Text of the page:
Tuesday, November 30, 2010

Biopsychosocial Assessment Example

Example-Biopsychosocial Assessment



The following is an abbreviated example of a BPS Assessment to demonstrate the basic components and content.

IDENTIFYING INFORMATION: Jane M. is self-referred 28 year old, divorced Caucasian female with no children or history of pregnancy seeking treatment to deal with feelings of hopelessness and depression.

PRESENT PSYCHIATRIC ILLNESS/SYMPTOMS: Client reports episodes of crying daily for the past month, difficulty focusing at work, inability to do chores at home (laundry, cleaning), isolating from friends and family, weight loss of 15 lbs in the past three weeks without dieting, insomnia (sleeping an average of 4-5 hours in 24), some thoughts of death, “it would be easier if I were dead”

PAST HX OF TREATMENT: Client reports one prior episode of major depressive symptoms three years ago for which she sought psychiatric care from Dr. Smith and underwent pharmacotherapy for 6 months with success, denying side-effects with the use of Paxil. She also reports attending a self-help group at her church and finding the support helpful. During her sophomore year in high school, she saw a school counselor for a few times following the separation and divorce of her parents to help with coping skills and grief/loss issues.

MENTAL HEALTH MEDICATIONS: No current use, previous course of Paxil with good efficacy, two trials of other medications during the same time that were unsuccessful. Client agrees to a release of information to seek additional information from Dr. Smith.

MEDICAL CONCERNS: Client reports recent gastro-intestinal upset, frequent diarrhea, nausea and headaches for which she has not sought medical attention. She denies any significant medical history, surgeries, pregnancies or disabilities.

CURRENT MEDICATIONS: Client reports taking over-the-counter anti-diarrheal medications and NSAID pain relievers.

DEPENDENCY/ADDICTION HISTORY: Client reports first use of alcohol at age 17, drinking two beers at a party and becoming intoxicated. She denied enjoying the experience but reports continued experimentation with alcohol one or two times per month until college when she stopped drinking following a binge-drinking episode prior to leaving for college in which she reports drinking until she began vomiting. Following that incident, she reported finding alcohol offensive. She did not drink again for five years. She now reports drinking primarily at holiday occasions, one to two servings, with choice of alcohol as wine. Last use was two months ago, one glass of wine at a holiday party. No current abuse or dependency issues suspected.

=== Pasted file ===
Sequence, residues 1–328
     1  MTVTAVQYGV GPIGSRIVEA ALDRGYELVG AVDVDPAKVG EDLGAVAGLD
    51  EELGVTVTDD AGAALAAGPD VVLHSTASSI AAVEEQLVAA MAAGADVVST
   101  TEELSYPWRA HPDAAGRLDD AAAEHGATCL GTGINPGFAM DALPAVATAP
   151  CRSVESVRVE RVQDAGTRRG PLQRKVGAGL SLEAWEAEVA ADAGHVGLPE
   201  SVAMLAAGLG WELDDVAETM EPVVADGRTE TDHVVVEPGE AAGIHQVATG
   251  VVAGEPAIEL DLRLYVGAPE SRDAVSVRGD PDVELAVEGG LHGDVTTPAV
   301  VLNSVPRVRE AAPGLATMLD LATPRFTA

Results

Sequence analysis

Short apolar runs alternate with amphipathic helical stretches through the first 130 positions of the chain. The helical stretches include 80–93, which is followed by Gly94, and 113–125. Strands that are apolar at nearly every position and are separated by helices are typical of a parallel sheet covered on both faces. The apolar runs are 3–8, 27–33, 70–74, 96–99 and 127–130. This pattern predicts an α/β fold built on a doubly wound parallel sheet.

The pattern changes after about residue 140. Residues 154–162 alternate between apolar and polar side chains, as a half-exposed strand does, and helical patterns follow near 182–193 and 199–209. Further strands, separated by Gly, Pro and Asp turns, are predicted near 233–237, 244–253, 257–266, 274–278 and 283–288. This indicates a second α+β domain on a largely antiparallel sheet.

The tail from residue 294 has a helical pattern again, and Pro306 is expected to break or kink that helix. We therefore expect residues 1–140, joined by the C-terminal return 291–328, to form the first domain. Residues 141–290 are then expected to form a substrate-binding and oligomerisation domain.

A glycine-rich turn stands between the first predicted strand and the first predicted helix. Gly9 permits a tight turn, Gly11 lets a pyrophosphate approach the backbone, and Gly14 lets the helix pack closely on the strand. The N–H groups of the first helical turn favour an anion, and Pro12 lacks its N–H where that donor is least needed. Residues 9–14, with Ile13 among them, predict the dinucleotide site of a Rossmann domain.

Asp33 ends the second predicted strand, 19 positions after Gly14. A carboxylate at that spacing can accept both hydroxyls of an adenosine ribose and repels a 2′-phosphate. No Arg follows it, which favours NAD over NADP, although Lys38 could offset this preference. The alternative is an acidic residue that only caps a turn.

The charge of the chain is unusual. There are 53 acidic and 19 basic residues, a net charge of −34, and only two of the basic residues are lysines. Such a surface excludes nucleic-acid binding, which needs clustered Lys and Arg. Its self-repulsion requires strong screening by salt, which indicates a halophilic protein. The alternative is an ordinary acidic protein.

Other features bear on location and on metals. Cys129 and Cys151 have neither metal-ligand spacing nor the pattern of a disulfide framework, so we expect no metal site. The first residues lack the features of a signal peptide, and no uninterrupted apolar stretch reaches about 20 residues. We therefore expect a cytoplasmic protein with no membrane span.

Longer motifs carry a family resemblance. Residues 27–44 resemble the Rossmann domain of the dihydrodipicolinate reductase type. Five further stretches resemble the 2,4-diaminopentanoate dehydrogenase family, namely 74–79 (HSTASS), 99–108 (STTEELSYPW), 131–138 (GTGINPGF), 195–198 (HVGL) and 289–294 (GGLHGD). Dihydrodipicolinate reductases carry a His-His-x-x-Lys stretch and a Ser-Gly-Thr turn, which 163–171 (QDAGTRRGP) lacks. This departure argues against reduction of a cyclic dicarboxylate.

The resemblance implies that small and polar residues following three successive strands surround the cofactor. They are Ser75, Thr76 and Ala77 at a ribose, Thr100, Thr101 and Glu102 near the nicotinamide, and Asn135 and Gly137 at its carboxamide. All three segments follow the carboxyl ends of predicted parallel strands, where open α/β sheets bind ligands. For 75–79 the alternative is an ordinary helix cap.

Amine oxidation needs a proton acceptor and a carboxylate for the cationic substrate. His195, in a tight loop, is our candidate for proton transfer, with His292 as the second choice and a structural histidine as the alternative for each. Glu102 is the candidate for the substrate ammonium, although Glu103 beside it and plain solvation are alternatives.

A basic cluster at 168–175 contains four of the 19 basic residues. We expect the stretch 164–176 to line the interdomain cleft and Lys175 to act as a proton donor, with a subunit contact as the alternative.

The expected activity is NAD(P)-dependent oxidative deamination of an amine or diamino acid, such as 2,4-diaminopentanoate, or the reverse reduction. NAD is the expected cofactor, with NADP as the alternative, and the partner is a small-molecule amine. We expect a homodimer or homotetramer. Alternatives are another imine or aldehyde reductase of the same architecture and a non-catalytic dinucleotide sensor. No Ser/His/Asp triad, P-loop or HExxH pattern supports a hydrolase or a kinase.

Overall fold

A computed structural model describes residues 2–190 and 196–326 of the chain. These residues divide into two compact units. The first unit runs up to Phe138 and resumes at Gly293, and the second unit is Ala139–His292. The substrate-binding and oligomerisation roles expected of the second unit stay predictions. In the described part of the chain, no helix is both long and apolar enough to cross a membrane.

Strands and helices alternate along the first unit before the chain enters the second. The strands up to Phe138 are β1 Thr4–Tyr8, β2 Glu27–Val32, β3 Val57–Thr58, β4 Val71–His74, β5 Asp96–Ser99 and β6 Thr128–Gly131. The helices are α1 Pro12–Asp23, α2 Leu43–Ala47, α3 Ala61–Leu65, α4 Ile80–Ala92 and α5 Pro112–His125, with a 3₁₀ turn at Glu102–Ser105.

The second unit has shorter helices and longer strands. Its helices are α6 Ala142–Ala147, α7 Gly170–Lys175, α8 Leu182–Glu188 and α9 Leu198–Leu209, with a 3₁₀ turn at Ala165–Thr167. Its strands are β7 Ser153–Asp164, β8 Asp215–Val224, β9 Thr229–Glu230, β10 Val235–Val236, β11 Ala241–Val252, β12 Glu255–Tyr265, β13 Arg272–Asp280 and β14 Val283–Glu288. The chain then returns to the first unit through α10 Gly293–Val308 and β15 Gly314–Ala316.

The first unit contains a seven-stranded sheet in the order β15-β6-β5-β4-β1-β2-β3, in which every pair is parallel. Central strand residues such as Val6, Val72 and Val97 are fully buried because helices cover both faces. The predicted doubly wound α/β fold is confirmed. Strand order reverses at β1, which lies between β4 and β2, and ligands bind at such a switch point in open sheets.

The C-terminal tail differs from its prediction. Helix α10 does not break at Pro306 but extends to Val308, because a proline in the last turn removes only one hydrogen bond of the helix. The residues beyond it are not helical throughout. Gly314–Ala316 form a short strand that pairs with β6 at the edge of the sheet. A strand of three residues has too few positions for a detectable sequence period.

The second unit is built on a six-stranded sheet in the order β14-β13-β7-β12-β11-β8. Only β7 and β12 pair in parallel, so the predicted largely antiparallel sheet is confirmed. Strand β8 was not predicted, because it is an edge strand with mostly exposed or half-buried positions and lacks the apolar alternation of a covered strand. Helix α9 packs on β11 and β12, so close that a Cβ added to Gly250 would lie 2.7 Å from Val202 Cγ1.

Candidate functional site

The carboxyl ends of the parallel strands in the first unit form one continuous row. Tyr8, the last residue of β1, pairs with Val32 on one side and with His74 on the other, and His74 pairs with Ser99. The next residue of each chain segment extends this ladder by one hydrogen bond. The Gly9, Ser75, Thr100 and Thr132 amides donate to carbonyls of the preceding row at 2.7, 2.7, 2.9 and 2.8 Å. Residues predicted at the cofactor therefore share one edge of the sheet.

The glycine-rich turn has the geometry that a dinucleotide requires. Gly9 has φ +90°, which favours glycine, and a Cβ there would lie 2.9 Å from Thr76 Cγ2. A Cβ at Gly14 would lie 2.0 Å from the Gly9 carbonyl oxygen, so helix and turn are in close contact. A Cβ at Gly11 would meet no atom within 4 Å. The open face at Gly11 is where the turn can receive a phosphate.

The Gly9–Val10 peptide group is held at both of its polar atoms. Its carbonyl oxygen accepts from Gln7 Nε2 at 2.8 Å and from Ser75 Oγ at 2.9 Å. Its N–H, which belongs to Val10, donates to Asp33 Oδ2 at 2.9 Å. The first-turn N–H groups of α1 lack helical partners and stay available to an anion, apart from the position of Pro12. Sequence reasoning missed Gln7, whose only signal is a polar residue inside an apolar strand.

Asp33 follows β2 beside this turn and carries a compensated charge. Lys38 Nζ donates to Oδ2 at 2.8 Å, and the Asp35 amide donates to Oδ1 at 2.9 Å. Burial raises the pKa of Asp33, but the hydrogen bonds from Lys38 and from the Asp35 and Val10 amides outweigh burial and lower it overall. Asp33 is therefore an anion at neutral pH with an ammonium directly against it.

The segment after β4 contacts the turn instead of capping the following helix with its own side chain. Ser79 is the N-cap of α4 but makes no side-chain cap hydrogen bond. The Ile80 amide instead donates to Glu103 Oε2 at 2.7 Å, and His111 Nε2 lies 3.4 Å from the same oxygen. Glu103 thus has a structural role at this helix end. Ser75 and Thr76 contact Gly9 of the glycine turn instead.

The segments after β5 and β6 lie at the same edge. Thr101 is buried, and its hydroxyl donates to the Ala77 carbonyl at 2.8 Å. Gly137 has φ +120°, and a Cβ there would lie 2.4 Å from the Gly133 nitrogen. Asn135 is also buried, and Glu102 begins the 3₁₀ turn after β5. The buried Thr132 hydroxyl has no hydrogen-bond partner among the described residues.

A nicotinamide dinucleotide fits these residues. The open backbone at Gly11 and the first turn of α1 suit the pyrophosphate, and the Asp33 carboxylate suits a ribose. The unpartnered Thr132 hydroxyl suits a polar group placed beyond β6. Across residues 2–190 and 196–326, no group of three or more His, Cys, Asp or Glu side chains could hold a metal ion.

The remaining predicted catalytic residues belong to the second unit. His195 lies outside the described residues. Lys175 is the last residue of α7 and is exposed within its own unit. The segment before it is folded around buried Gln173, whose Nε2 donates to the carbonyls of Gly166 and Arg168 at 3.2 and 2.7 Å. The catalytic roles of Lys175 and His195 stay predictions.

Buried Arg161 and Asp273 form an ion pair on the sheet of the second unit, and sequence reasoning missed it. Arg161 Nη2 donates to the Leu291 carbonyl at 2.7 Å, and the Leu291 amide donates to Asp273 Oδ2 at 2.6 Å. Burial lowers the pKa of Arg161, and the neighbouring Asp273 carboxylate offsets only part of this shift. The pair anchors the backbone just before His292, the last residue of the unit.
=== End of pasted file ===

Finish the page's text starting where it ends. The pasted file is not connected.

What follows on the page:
Client reports experimentation with cigarettes in high school when her parents divorced. She did not like the taste or smell and reports they made her lungs hurt, so she did not continue.

Client reports regular use of caffeine, up to five beverages per day of coffee and sodas.

FAMILY HISTORY OF PSYCHIATRIC/ADDICTION ILLNESS: Client reports her father suffers with clinical depression and her maternal grandmother and aunts drink alcohol to excess. She denies either of her parents ever drank in front of her, but she reports the belief her mother drinks and hides her alcohol, once finding a bottle of vodka in one of her mother’s shoe boxes.